An investigation into the persuasive techniques inherent in presentations of identity
In Identity's Strategy, Dana Anderson seeks to construct a rhetorical theory for understanding persuasive strategies involved in the expression of personal identity. Drawing on Kenneth Burke's "Dialectic of Constitutions," Anderson analyzes conversion narratives to illustrate how the authors of these autobiographical texts describe dramatic changes in their identities as a means of influencing the beliefs and action of their readers.
Often a troubling theoretical term, identity conveys the idea that people possess a certain capacity for self-understanding and self-definition. But whatever the forces at work behind the identity one claims, the act of communicating this self-interpretation to others is inherently rhetorical. Expanding on Burkean concepts of human symbol use, Anderson works to parse and critique such inevitable persuasive ends of identity constitution.
Anderson examines the strategic presentation of identity in four narratives of powerful religious, sexual, political, and mystical conversions: Catholic social activist Dorothy Day's The Long Loneliness, political commentator David Brock's Blinded by the Right, Deirdre McCloskey's memoir of transgender transformation, Crossing, and the well-known Native American text Black Elk Speaks. Mapping the rhetorical strategies at play in each narrative, Anderson points toward a broader understanding of how identity is made—and how it is made persuasive.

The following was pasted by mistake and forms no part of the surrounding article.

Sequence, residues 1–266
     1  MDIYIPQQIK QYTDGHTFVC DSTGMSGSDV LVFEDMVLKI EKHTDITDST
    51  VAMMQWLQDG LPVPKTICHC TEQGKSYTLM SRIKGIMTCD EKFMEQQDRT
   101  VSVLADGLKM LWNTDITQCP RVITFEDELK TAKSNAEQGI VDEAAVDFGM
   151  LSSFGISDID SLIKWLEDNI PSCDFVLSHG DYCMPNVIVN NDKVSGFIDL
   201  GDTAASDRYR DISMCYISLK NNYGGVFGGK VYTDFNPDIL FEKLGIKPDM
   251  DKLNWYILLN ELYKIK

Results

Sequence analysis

Dana Anderson is an assistant professor of English at Indiana University and an editor of the KB Journal. His work has appeared in Philosophy and Rhetoric, College Composition and Communication, Rhetoric Society Quarterly, Queen, and Journal of Popular Culture.
"Dana Anderson gets identity. And with this book he gives identity a critical place in rhetorical studies. Cinched to Kenneth Burke's theory of constitutions, the book's four case studies in conversion are as gripping as they are revealing. The payoff here is much more than an elegant argument about how identity matters or an expert reading of Burke (though it is certainly both of these). Identity's Strategy theorizes anew a whole cluster of concepts—agency, agonism, belief, ethos, and, importantly, transformation—the very stuff of rhetoric."—Debra Hawhee, author of Bodily Arts: Rhetoric and Athletics in Ancient Greece
"Successfully drawing on critical theory and the ideas of Kenneth Burke, Dana Anderson strikes new ground concerning the idea that 'identity' is a complex act of rhetorical constitution. Intriguing theoretical chapters and illuminating case studies explore aspects of identity heretofore understood only dimly. Moreover, Anderson indicates important paths that fans of Burke ought to follow with vigor. Identity's Strategy is persuasive and thoroughly engaging."—Ross Wolin, author of The Rhetorical Imagination of Kenneth Burke